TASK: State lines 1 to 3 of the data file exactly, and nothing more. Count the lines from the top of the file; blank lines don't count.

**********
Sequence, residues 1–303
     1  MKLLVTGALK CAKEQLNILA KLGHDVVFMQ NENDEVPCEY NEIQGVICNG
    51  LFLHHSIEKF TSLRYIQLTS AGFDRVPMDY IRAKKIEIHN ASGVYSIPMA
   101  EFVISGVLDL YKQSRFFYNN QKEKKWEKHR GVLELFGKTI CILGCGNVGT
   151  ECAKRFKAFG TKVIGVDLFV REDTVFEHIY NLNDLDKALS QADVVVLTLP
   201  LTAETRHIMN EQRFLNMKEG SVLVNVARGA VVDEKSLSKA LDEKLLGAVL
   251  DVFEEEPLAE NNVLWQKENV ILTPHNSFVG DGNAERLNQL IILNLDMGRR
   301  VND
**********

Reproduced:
Sequence, residues 1–303
     1  MKLLVTGALK CAKEQLNILA KLGHDVVFMQ NENDEVPCEY NEIQGVICNG
    51  LFLHHSIEKF TSLRYIQLTS AGFDRVPMDY IRAKKIEIHN ASGVYSIPMA